Given that the neurological impairment caused a grade 2 disability in her left hand, the patient was diagnosed with pure neural leprosy and began MDT-MB in combination with prednisolone in a descending scheme (40 mg initial doses), as well as physical therapies. Currently, she has received 18 blisters of MDT-MB and she continues with prednisolone and physical therapy. However, despite the treatment, her disability in the left hand is worst because of impairment of the radial nerve (table 1).

Electromyography test was not available for any of these patients.

Discussion

These cases show thatpure neural leprosy represents a diagnostic challenge for healthcare personnel, even for those with extensive expertise, due to the fact that it typically affects the peripheral nervous system (PNS) as a mononeuropathy or multiplex mononeuropathy without causing skin lesions 11. Furthermore, confirming diagnosis by bacteriological and histopathological methods remains difficult, even via neural biopsy, which is considered as the gold standard for the diagnosis. The difficulty is primarily explained by the low bacillary load that is typical of this form of leprosy, and the fact that the histopathological changes associated with this condition are also present in other neuropathies, particularly vasculitis, and in chronic inflammatory demyelinating polyneuropathy (CIDP) 12. However, histopathological findings such as endoneural inflammation and epithelioid granulomas in the peripheral nerves of patients with epidemiological nexus and clinical manifestations of neural impairment are the major criteria for the diagnosis of pure neural leprosy 13. Furthermore, the electromyography can be an important tool in the detection of the nerve damage, and to determine the best place to take the biopsy, improving the sensitivity of the histopathology (1, 6).

Today, the presence of M. leprae may be detected using other diagnostic alternatives, such as polymerase chain reaction (PCR), serological methods to detect antibodies against PGL-I or fine needle aspiration (FNA) cytology 14.

Reja, et al. 4, conducted a study using FNA in 13 patients with pure neural leprosy to demonstrate the presence of M. leprae through multiplex PCR and Ziehl-Neelsen (ZN) staining. Multiplex PCR detected the presence of mycobacteria in 11 patients (84.6%) and ZN staining showed BAAR in 5 patients (38.4%). The authors concluded that a combination of multiplex PCR and ZN staining (from FNA) provided a rapid and reliable diagnosis of the disease 4. Grossi, et al. 15, showed that serology can be useful in detecting and monitoring the disease given that subjects with more than one nerve trunk are four times more likely to be seropositive 15.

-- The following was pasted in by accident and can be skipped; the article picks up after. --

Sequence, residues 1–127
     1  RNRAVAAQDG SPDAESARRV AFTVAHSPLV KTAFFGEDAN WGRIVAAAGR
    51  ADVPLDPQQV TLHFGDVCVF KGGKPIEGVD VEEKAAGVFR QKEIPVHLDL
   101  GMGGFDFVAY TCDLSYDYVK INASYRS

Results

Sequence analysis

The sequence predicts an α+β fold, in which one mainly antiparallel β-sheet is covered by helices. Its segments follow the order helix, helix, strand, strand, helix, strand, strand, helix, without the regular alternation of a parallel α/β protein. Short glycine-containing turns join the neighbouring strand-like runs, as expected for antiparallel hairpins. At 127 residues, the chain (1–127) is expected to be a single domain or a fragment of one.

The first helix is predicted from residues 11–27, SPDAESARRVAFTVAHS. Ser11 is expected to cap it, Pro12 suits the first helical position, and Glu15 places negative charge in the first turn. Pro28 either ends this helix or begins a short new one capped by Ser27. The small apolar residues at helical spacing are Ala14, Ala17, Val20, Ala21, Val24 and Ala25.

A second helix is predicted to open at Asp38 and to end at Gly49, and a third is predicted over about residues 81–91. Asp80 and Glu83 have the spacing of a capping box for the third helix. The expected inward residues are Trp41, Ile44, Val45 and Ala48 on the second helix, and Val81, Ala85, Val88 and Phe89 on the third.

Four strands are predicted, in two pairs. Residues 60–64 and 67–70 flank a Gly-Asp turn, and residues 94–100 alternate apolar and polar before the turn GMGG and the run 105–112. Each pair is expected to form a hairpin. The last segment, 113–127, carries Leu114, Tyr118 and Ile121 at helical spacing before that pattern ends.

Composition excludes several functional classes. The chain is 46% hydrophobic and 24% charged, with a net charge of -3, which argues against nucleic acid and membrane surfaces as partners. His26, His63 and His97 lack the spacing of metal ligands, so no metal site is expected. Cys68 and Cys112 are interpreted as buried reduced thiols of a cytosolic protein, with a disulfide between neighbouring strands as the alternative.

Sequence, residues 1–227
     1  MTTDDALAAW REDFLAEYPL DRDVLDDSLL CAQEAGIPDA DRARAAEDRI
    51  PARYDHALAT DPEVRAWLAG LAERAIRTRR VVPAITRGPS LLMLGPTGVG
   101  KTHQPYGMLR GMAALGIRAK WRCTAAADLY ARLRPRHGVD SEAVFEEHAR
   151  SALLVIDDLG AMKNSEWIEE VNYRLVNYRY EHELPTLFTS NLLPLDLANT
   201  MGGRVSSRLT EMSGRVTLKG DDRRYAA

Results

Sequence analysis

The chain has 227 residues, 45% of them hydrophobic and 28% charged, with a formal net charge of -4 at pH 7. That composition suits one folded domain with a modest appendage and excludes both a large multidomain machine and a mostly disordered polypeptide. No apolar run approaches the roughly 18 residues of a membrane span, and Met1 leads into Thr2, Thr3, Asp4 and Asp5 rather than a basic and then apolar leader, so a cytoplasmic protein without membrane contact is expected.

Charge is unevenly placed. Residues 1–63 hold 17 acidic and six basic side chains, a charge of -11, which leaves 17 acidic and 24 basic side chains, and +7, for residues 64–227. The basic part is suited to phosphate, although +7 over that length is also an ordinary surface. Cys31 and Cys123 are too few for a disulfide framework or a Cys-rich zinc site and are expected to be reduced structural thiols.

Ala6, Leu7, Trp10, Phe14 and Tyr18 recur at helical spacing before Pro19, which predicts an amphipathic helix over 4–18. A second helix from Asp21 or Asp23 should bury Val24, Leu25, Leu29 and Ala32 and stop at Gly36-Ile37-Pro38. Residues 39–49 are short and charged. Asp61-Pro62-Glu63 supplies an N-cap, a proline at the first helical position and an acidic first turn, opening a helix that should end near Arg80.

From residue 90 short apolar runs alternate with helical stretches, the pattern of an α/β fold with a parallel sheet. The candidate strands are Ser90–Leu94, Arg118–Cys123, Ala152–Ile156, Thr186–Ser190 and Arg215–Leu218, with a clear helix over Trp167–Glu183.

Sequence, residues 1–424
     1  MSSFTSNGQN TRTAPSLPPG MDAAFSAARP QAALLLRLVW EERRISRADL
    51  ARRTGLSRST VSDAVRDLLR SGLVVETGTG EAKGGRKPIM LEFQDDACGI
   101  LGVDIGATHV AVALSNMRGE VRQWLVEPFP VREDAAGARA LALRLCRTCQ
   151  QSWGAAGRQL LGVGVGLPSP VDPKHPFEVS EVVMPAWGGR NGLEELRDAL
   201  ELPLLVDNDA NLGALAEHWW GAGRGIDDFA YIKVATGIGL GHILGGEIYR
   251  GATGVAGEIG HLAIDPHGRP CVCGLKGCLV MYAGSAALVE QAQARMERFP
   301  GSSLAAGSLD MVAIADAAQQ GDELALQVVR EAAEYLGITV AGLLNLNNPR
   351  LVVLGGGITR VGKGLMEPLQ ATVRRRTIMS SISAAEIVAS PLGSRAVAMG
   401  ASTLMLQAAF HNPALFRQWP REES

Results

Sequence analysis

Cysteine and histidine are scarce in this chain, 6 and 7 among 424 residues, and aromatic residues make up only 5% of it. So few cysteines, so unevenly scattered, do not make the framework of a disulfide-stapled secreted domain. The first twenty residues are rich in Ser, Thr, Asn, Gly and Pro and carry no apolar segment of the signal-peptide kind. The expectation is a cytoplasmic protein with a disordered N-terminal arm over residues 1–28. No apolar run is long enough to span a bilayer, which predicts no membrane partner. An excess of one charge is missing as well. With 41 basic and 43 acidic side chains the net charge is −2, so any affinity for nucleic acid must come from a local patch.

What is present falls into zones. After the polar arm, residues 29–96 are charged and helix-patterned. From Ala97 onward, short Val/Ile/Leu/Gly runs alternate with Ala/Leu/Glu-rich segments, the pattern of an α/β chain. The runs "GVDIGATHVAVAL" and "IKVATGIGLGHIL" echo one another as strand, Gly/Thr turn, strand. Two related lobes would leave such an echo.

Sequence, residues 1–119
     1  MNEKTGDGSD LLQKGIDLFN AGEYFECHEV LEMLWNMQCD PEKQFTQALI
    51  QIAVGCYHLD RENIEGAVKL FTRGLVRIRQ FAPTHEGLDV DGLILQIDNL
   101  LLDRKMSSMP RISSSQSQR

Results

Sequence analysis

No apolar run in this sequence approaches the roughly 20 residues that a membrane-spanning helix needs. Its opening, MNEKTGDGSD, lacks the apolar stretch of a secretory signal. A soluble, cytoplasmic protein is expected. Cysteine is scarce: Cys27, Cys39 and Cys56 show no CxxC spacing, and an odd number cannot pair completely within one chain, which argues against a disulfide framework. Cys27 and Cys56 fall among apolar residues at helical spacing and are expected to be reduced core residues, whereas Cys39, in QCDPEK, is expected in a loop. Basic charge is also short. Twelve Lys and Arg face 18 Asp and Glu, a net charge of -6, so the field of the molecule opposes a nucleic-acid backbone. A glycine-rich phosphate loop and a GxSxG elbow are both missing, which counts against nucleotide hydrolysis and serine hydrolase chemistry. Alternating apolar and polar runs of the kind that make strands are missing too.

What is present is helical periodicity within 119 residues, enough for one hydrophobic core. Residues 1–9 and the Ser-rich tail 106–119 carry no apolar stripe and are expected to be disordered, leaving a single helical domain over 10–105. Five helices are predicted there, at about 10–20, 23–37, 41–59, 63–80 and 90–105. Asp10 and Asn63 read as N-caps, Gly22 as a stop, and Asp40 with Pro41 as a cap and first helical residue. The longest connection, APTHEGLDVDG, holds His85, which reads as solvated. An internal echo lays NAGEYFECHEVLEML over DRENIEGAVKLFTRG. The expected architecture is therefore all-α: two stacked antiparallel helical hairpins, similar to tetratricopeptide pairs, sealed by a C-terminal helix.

The use of serological tests such as PGL-I or NDO-LID could also be useful in the detection of pure neural leprosy as positivity of these serological tests is considered a diagnostic criterion for this condition. Moreover, it is important to mention that these tests are positive only in less than 50% of the patients with pure neural leprosy. Therefore, a negative serological test does not discard its presence 1.

Regarding the personal history of these four cases, it should be mentioned that all of them were both house hold contacts of patients with Hansen’s disease and blood-related. Thus, the patients had a 10 to 14 times more risk of contracting the disease than the general population 16. It is important to note that three of the four patients examined had contact with armadillos, that leprosyis considered a zoonotic disease and that they have tested positive for M. leprae in Colombia 17. Truman, et al. 18 confirmed the zoonotic transmission of leprosy: 25 patients with Hansen’s disease and 28 armadillos infected with leprosy shared the same M. leprae strain 18. Therefore, in patients with peripheral neuropathy of unknown etiology, it is important that physicians inquire about the personal history of their leprosy patients and whether there has been contact with animals that might be related to the transmission of the disease (16, 19, 20).

The classification of pure neural leprosy isusually paucibacillary (PB) 17, although Rodríguez, et al. 1, have recommended to consider the number of peripheral nerve trunks affected to begin the treatment: patients witht woor more affected peripheral nervetrunks should start MDT-MB for 12 months 1. Furthermore, patients can improve their neurological condition using steroids such as prednisolone in 40 to 60 mg doses. However, Smith, et al. 21, observed that the use of prednisolone in 20 mg doses had similar effects to avoid the impairment of nerves in leprosy patients.

In conclusion, pure neural leprosy is an enigmatic and often silent entity that primarily affects house-hold contacts of Hansen’s disease patients and its diagnosis is clinical. The disease is often disregarded for the differential diagnosis of possible peripheral neuropathy. It is, therefore, imperative that the medical personnel include it in their diagnostic possibilities.

Finally, it is necessary to continue working on reliable, non-invasive diagnostic techniques, possibly through a combination of serological and genomic tools. The combined use of these tests and of medical devices for the early detection of peripheral neuropathy would facilitate the early diagnosis of pure neural leprosy and mitigate the progression of disabilities caused by neural damage.


Funding Colciencias Grant code: 325656933516

Author’s contributions: Olinto Mieles, Calixto Escorcia and Amparo Díaz: Clinical management and diagnosis of the patients Juan Beltrán: Bacilloscopy and serology for Mycobacterium leprae Héctor Serrano and Nora Cardona-Castro: neurological evaluation, literature review and writing of the article

References

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Revista Biomédica -  https://doi.org/10.7705/issn.0120-4157
ISSN 0120-4157